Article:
You can see this if you compare my experience to that of journalists living under religious-Islamist regimes. Because generations of British people sought to create a secular space, when I went to the police, they offered total protection. When they go to the police, they are handed over to the fanatics – or charged for their "crimes." They are people like Sayed Pervez Kambaksh, the young Afghan journalism student who was sentenced to death for downloading a report on women's rights. They are people like the staff of Zanan, one of Iran's leading reform-minded women's magazines, who have been told they will be jailed if they carry on publishing. They are people like the 27-year old Muslim blogger Abdel Rahman who has been seized, jailed and tortured in Egypt for arguing for a reformed Islam that does not enforce shariah law.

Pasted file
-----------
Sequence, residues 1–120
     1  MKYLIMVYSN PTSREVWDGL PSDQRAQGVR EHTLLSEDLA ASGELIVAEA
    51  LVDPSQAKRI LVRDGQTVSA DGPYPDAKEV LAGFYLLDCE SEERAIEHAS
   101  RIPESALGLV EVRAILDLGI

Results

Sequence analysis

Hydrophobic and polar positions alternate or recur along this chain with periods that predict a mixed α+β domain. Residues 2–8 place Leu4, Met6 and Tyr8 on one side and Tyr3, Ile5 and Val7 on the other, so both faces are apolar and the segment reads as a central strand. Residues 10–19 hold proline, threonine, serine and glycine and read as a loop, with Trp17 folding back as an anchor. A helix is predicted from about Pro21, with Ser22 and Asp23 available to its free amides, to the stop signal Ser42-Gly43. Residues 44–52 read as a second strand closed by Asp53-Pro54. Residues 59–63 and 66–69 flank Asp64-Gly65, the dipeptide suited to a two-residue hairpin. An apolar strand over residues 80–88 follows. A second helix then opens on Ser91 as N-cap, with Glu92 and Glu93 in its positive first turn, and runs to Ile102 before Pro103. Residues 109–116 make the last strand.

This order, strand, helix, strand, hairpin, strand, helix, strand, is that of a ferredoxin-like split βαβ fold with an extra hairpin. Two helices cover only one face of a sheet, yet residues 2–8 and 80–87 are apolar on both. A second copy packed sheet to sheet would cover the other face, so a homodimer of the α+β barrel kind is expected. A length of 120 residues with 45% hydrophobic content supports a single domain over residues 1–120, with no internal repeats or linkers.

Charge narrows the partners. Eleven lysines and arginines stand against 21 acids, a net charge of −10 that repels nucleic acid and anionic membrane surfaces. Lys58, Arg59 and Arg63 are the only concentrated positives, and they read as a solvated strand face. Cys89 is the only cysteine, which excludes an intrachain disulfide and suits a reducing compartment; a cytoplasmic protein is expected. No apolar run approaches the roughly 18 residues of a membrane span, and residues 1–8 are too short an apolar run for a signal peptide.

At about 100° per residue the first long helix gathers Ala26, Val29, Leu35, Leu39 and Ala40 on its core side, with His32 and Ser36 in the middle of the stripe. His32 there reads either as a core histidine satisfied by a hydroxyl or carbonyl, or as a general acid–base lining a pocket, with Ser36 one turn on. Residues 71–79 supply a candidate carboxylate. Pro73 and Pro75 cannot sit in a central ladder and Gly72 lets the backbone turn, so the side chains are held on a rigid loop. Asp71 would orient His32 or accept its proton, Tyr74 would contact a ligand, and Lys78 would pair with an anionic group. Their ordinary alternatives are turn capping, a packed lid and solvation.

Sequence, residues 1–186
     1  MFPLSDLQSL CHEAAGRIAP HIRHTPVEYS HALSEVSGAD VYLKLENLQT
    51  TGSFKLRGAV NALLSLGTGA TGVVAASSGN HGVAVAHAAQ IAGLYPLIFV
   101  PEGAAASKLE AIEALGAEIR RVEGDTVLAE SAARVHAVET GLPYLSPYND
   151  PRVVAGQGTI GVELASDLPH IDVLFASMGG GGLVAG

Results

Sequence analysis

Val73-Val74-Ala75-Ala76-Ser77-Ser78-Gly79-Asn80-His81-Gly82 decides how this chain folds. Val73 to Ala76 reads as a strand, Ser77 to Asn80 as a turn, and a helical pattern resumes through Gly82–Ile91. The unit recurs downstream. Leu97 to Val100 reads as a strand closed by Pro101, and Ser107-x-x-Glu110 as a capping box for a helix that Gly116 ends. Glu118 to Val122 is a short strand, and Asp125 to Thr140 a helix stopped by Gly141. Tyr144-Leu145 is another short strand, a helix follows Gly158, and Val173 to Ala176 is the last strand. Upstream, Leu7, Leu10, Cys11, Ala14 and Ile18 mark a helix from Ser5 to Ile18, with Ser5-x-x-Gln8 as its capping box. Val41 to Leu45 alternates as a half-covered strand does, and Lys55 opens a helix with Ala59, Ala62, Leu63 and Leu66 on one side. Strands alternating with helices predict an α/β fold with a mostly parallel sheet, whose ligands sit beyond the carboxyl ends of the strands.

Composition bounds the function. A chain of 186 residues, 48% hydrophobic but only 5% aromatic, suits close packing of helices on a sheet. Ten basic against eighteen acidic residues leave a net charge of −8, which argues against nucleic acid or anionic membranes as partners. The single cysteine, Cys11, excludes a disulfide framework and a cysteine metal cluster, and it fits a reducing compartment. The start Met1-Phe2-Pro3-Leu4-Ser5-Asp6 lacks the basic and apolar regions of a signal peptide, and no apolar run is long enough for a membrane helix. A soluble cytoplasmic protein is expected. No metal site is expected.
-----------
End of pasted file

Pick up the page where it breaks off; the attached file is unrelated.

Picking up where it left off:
It would be a betrayal of them – and the tens of thousands of journalists like them – to apologize for what I wrote. Yes, if we speak out now, there will be turbulence and threats, and some people may get hurt. But if we fall silent – if we leave the basic human values of free speech, feminism and gay rights undefended in the face of violent religious mobs – then many, many more people will be hurt in the long term. Today, we have to use our right to criticise religion – or lose it.

~Johann Hari

Postscript: If you are appalled by the erosion of secularism across the world and want to do something about it, there are a number of organizations you can join, volunteer for or donate to.

Some good places to start are the National Secular Society, the Richard Dawkins Foundation for Science and Reason, or – if you want the money to go specifically to work in India – the International Humanist and Ethical Union. (Mark your donation as for their India branch.)

Even donating a few hours or a few pounds can really make a difference to defending people subject to religious oppression – by providing them with legal help, education materials, and lobbying for changes in the law.

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06 February 2009